Despite our fervent hopes for gross domestic product (GDP) growth in the four to five percent range, the National Economic Development Authority (NEDA) announced last Thursday that it actually contracted by 0.02% in the first quarter. This was due to the combined effects of Taal Volcano’s eruption in January, the tourist travel ban in February, and the enforcement of the Enhanced Community Quarantine (ECQ) in March. This is the first time the economy contracted in 22 years.
Exacerbating matters is the specter of a deep economic contraction in the second quarter due to the Luzon-wide ECQ. Initially, the Department of Finance (DoF) announced that the contraction could range from 0.08% to 0.0% but later said that it could be more severe given the extension of the ECQ. The worst case scenario, assuming the enhanced community quarantine (ECQ) is lifted on May 15, is a contraction by two to three percent.
One thing is for sure — everything will be different when we emerge from this ECQ. Social behaviors would have changed as would consumer patterns. Trends in international trade would have shifted, as would investment priorities. After two months in lockdown, all countries, including the Philippines, will restart their economies in an environment that has changed so drastically, new economic policies must be written from scratch to adapt.
Call me an optimist but I look at this as serendipity. Truth be told, the economy has been overdue for reinvention. It had already been growing above its potential growth (or capacity to grow) in 2013 to 2016 such that growth has been on a path of steady deceleration since 2016. The 0.02% contraction in the first quarter only underlines how we have already maxed-out our capacity to grow. Let’s be honest, an economy led by consumption and government spending on the demand side coupled with a weak manufacturing base and subsistence agriculture on the supply side, can only take you so far. The only way to reverse the trend is to add capacity to the economy. The COVID-19 crisis is serendipitous in that it gives us no excuse to delay the re-invention.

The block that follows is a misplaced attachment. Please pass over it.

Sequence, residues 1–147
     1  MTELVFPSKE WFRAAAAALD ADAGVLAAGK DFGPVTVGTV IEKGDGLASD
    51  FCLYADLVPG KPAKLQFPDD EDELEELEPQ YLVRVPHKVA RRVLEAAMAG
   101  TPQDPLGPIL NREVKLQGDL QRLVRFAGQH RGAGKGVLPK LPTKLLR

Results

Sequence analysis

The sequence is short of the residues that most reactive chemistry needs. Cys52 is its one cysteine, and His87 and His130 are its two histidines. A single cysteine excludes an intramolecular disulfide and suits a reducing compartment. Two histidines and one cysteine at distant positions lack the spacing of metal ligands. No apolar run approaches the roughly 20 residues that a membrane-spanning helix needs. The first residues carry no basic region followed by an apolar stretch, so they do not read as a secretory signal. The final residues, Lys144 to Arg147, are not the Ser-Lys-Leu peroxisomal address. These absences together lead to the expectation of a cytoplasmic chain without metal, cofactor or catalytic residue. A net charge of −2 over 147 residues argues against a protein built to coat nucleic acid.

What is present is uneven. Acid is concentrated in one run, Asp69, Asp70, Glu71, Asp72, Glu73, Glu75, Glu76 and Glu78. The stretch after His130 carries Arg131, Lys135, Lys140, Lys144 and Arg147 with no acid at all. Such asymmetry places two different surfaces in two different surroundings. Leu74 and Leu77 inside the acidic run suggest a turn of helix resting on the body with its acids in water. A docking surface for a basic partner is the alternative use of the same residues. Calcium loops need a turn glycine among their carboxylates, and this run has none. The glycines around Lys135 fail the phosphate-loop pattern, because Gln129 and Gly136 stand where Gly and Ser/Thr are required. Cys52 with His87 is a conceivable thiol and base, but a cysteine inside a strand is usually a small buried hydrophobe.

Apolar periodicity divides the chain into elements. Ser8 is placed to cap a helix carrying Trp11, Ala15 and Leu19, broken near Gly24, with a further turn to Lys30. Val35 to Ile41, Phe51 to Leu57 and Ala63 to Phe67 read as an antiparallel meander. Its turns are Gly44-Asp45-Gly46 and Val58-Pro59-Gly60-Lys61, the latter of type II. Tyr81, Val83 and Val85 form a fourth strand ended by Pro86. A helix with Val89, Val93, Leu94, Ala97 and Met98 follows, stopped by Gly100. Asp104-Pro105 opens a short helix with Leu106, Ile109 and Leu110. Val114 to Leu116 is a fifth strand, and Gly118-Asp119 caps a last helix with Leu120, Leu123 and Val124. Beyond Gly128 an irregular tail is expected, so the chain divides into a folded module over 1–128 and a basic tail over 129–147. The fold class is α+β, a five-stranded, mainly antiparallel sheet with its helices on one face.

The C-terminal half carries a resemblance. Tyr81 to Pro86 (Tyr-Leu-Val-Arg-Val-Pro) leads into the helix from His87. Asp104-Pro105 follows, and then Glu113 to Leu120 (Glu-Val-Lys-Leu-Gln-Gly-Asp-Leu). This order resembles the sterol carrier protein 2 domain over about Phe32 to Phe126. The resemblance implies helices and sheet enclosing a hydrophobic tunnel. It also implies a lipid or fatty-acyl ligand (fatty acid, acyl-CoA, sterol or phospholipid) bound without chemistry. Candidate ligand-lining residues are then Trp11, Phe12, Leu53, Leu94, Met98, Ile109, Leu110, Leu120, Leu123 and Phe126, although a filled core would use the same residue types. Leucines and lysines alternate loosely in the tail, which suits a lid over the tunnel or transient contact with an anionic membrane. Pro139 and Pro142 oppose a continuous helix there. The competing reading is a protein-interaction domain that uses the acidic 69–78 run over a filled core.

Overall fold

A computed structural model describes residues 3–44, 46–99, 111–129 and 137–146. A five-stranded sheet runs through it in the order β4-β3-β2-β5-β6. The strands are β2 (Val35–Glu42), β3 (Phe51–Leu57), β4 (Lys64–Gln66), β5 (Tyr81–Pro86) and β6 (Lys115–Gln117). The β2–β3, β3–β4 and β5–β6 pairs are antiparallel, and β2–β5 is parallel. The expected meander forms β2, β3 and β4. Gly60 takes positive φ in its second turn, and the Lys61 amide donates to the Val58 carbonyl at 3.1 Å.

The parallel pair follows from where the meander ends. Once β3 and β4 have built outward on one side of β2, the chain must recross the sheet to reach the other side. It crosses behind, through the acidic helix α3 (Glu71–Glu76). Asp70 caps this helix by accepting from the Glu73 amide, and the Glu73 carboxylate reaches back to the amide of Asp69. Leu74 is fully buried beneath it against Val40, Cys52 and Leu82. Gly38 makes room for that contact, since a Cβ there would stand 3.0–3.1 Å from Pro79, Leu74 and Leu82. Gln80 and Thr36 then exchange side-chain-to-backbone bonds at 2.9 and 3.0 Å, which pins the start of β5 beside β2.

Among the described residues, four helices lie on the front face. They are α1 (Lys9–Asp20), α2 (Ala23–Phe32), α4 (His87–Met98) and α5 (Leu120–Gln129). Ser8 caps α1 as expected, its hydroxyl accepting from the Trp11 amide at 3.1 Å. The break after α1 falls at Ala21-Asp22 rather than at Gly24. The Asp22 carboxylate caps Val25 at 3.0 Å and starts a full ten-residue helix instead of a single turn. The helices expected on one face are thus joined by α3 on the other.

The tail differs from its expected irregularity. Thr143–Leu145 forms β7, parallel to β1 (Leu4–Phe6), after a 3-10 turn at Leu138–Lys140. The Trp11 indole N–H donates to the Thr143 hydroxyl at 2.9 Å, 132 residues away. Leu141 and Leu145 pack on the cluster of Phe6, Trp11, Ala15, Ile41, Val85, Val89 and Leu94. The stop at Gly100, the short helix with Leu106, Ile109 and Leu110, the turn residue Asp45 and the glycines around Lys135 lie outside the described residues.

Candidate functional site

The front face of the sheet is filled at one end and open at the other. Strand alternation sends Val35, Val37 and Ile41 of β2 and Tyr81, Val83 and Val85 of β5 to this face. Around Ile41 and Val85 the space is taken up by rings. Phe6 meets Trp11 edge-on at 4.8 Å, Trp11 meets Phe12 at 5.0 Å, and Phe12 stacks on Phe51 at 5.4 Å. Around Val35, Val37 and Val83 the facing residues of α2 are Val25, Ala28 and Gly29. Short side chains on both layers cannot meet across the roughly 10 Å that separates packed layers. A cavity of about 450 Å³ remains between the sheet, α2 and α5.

In 2015, the National Economic and Development Authority (NEDA) outlined our national vision in a program called AmBisyon Natin 2040. In a nutshell, the vision is to become an industrial economy with a middle class society and zero incidences of poverty by the year 2040. Per capita income must triple from some $4,000 today to $13,000.
The economy must expand by no less than 7% a year for 20 years if we are to achieve the national vision. If we fall short and grow by only 6%, we will only attain per capita income of $10,000 20 years from now. This is why maintaining 7% growth is crucial.
So how can we sustain growth of 7% when our growth potential has already been maxed-out? The answer is simple — we need to restructure. From an economy that relies on consumption and government spending to fuel growth, we must transform it to one that is production-lead.
This would entail making the transition from subsistence farming to technology-based agriculture; diversification of the economy from one that specializes in two industries (electronics and IT-BPO), to one that is competent in an entire basket of trades; widening our manufacturing base from one comprised mostly of food processing to one that encompasses complex industries such as pharmaceutical products, machineries and equipment, chemical-based products and automobiles. We must climb the value chain through innovation and quality. This means, products manufactured in the Philippines must have intellectual property inputs (not just mere assembly) and must be renowned for their craftsmanship and durability.
In short, to triple our per capita income, the Philippines must become a diversified manufacturing economy with a strong innovation and design component. We are not re-inventing the wheel here — this has been the development path of countries like South Korea, Singapore, and Taiwan — all of whom made the great leap from lower-middle income society to a high income society in 20 years.